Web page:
By Rebecca Whitley, Esq., Staff Attorney, Disabilities Rights Center
Under the New Hampshire Medicaid Program, skilled nursing services (also called private duty nursing services) are available for individuals who require more individual and continuous skilled observation, judgment, and intervention than is available from a visiting nurse or typically provided in an institution, and which can only be provided by a registered nurse (RN) or licensed practical nurse (LPN). The New Hampshire Department of Health and Human Services (DHHS) has contracted with a private company called Schaller Anderson to administer certain Medicaid services, including private duty nursing services. All requests for Medicaid private duty nursing services must go through Schaller Anderson which makes the decision to approve, reduce or deny such requests.
The Disabilities Rights Center (DRC) has received an increasing amount of calls from individuals and families because their private duty nursing services have been reduced or denied and with complaints about Schaller Anderson. While we all know that New Hampshire is in the midst of a budget crisis in this difficult economic time, it is important for individuals to understand their rights when applying for and receiving skilled nursing services.
What are my rights when skilled nursing services are reduced or denied?
If an individual’s skilled nursing services are reduced or if a request for additional services is denied, he or she must be provided with written notice of this decision. A notice must be mailed at least 10 days before the effective date of the reduction or denial of services.
If you are told that you or your child’s services will be reduced or that a request for services will be denied, you should request written notice of this decision. If someone asks you to reduce your services, you do not need to agree to this decision. You have a right to written notice of the action and have the right to appeal a reduction or denial of your Medicaid services.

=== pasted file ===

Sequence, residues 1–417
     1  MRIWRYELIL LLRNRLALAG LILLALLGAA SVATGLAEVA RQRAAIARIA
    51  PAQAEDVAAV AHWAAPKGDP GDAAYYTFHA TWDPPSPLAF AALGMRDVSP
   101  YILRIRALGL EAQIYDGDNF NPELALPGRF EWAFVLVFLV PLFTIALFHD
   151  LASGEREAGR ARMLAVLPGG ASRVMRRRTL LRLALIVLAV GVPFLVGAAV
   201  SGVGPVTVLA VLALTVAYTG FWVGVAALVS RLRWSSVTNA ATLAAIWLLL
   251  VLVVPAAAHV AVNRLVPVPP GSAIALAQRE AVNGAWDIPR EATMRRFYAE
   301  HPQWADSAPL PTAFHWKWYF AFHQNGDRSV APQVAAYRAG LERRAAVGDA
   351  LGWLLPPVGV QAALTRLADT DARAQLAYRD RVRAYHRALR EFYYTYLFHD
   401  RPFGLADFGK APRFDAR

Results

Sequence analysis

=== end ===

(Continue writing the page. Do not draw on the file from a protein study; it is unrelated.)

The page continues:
The written notice must contain a statement of the intended action (i.e. reduction or denial), a detailed explanation of the factors contributing to the reduction or denial, specific legal support for the action, and an explanation of your hearing rights, rights to representation and to continued benefits, if applicable.
What if I do not agree with the decision to reduce or deny my skilled nursing services?
An individual has the right to appeal a reduction or denial of his or her Medicaid services and to have a fair hearing in front of the State. If you wish to challenge the decision to reduce or deny your skilled nursing services, here are some steps you can take:
If my services are reduced, can I maintain my current level of services pending my appeal?
In order to maintain skilled nursing services pending the appeal, an individual must request an appeal before the date his or her services are set to be reduced. If an individual does not appeal before the date his or her services are set to be reduced, DHHS may (but is not required to) reinstate services pending the hearing if an individual appeals 10 days or less after the date his or her services are set to be reduced.
If DHHS reduces an individual’s services without providing the requisite advance notice, it must reinstate and continue services pending the hearing if an individual appeals within 10 days of the mailing of the notice.